3. You unschooled your own four children through high school. What have you found to be the most notable homeschooling/unschooling trends over the past couple of decades?

The biggest change is in the numbers. There are so many more homeschoolers now than when I started back in the early 1990s. That growth has attracted attention from curriculum developers, alternative education specialists, and even public school advocates seeking ways to bring homeschoolers back into the system, a topic Patricia Lines wrote about back in 2000. Technology, of course, has also created huge changes in homeschooling, as it has everywhere. There seem to be a lot more families than there used to be choosing to homeschool as a last resort or temporary stepping stone to what they hope will be a better school situation (rather than choosing to homeschool for its own sake), and they are perhaps more vulnerable to the marketing message that homeschooling is hard and you need the help of experts to do it, which really isn't the case.  One of the things that hasn’t changed is the need to find community, which seems, ironically, a bigger challenge now than when there were fewer people homeschooling. People are much more likely to congregate on Facebook or other internet sites rather than gather at a meeting or playground day or other support group event, and while it’s nice that they can instantly communicate with scores of other homeschoolers, it can’t substitute for developing the kinds of relationships and friendships that sustain homeschooling over a long period of time.

4. What do you hope readers take away most from the Unschoolers book?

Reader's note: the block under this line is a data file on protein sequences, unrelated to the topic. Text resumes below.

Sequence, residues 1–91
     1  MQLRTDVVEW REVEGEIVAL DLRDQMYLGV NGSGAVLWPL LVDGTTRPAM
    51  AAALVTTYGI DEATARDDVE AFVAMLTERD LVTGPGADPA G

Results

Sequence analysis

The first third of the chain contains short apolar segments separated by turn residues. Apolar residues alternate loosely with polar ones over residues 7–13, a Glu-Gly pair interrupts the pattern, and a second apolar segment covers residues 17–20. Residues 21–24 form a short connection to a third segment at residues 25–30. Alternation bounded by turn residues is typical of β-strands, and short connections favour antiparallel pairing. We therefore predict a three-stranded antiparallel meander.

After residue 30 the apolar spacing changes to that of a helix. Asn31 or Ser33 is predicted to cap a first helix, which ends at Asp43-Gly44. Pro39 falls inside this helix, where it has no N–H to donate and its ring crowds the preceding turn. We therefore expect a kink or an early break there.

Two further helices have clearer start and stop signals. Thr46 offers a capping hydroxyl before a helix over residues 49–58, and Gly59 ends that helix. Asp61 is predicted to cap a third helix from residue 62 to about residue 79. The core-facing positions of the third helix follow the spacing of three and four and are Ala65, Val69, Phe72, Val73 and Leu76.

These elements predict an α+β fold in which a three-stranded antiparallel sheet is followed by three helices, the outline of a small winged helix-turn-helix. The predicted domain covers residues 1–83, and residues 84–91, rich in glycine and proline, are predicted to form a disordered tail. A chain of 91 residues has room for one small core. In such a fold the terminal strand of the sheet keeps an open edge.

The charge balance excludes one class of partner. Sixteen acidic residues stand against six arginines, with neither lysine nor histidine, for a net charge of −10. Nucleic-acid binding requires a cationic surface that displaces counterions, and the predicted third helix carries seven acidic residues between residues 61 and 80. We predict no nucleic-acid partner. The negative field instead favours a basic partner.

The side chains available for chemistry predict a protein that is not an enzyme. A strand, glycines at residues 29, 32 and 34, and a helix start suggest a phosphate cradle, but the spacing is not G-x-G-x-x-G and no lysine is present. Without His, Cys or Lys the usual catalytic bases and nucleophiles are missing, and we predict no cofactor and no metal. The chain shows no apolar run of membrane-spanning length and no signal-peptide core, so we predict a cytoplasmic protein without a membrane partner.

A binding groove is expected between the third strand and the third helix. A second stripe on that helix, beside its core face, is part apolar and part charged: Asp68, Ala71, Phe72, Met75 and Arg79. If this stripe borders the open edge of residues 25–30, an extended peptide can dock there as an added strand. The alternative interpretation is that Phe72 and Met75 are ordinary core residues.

I hope homeschoolers and unschoolers find themselves reflected in it, as my 18-year-old daughter did when she was reading a draft of the book. She remarked on how strange—and strangely wonderful—it felt to be reading about her life in a book. She’s been gobbling up fiction her whole life and characters who homeschool are rare. Forget finding a book that explores the lives, motivations, hopes, and fears of homeschooling parents. Other than that, I just hope people enjoy reading it.

To purchase the book and learn more about the authors, please visit the UNSCHOOLERS book website, and follow them on Twitter @UnschoolersBook.

Saturday, July 15, 2017

15,000 Hours of Playing School

I learned quickly how to play and succeed at the game of school. I was fortunate to be an early reader and to come from a supportive, white middle-class family to give me the initial advantage, and then I learned what I needed to do, how I needed to behave, to gain the teacher's affections and get the A. 

As so often happens when we reach adulthood, and especially parenthood, we realize how much we don't know. I realized that I might have been successfully schooled, but I didn't feel well educated. When I reflect on the approximately 15,000 hours I spent in K-12 public school, I think of what a waste of time most of those hours were. What else could I have been doing, learning, in those hours? How much more genuine could those hours have been if I wasn't spending so much time playing the game, but actually learning, reading, doing?

As Ken Robinson candidly states in his book, Creative Schools: "The success of those who do well in the system comes at a high price for the many who do not. As the standards movement gathers pace, even more students are paying the price of failure. Too often, those who are succeeding are doing so in spite of the dominant culture of education, not because of it." [1]